Will a return to its roots keep RadioShack from short-circuiting?
RadioShack, which dropped to a penny stock in June, is banking on an uncharacteristically strong holiday season just to keep its doors open. One of the beleaguered electronics chain’s newest strategies to score an eleventh hour revival involves going retro to move forward. According to a Fast Company article, RadioShack has begun prominently promoting littleBits, a line of DIY electronics kits meant to appeal to a new generation of inventors and tinkerers.
"Our new leadership team is committed to embracing the parts of our heritage that allow us to differentiate RadioShack in a crowded market," CEO Joe Magnacca said in an interview with Fast Company.
RadioShack’s relationship with nostalgia is a double-edged one. The very name of the store conjures memories of tech hobbies past, from its early days as a source for HAM radio operators to its days selling parts for audiophiles and pre-cellular phone tinkerers. The company’s 2014 Super Bowl commercial features a store associate answering a phone and announcing, "the ’80s called, they want their store back." At that point, the store is ransacked by a slew of figures popular in the 1980s, including wrestler Hulk Hogan, gymnast Mary Lou Retton and alien from the planet Melmac, ALF.
The commercial seemed to make light of the store’s antiquated image, promising a more contemporary RadioShack. But now the chain appears to be looking for salvation in retro appeal.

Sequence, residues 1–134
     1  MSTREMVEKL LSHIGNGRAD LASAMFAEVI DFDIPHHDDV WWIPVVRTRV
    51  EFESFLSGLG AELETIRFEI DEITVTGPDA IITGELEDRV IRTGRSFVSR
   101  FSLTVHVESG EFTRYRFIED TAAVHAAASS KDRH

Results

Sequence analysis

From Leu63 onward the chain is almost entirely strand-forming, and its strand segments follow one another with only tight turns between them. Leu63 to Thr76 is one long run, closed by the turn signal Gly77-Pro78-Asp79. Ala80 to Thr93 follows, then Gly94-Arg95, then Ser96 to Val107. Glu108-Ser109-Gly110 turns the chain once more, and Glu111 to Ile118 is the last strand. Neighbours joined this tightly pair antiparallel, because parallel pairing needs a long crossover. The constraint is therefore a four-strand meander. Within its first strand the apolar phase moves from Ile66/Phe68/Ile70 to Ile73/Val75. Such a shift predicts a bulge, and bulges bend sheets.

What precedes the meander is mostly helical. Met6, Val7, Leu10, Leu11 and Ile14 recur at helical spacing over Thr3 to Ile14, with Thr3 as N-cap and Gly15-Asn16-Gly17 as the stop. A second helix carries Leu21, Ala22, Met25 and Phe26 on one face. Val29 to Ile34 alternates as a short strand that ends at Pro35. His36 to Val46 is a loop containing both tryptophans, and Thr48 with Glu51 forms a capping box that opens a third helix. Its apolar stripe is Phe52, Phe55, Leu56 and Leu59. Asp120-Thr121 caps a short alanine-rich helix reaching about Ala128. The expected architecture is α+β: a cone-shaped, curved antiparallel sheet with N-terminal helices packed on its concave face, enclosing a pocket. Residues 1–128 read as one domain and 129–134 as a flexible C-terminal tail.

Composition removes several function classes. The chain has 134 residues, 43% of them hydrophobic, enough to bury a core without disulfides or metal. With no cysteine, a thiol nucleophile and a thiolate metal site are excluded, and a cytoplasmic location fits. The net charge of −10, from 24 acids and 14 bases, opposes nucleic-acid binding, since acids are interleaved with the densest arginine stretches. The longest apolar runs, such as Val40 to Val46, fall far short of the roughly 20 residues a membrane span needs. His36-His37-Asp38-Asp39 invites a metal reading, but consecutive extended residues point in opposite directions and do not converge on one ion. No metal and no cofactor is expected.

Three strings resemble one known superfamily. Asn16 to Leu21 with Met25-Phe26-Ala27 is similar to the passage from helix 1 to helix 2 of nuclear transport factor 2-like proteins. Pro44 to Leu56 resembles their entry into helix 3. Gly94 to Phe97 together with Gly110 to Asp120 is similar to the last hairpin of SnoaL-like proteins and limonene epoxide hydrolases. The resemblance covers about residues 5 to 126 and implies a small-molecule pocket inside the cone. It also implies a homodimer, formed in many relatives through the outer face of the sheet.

In addition to its LittleBits announcement, the store has a few other strategies up its sleeve for the holiday season. According to a Star-Telegram article, RadioShack is rolling out ads in movie theaters that offer deals through Shazam or Soundhound apps, free shipping on products out of stock at one RadioShack but available at another, price-matching deals with major e-commerce sites, and a relaunched RadioShack credit card.
While RadioShack is airing a holiday ad featuring "Weird Al" Yankovic promoting their assortment of techie toys and running ads for littleBits as well, visibility has not yet appeared to translate into good news on the financial front.
According to a Bloomberg News article from November 18th, "Monarch Alternative Capital LP abandoned negotiations to take over a $140 million loan to RadioShack Corp. (RSH) as the electronics retailer struggled to reach a deal with lenders on a turnaround plan."
Even in a culture more obsessed with gadgets than ever before, one wonders if littleBits, the self-aware, hip commercials and the price-matching promotions are coming too late to rescue retail’s original gadget outlet.
- RadioShack lines up new products, ads, policies for critical holiday season – Star Telegram
- Hedge Fund Monarch Said to End Talks on RadioShack Loan – Bloomberg
- Can LittleBits Save RadioShack? – Fast Company
- RadioShack is Now a Penny Stock – Time
- RadioShack Super Bowl Commercial – YouTube
Can a strong holiday season, or anything else, save RadioShack? Which of RadioShack’s holiday strategies stands the best chance of making a difference in the company’s ultimate fate?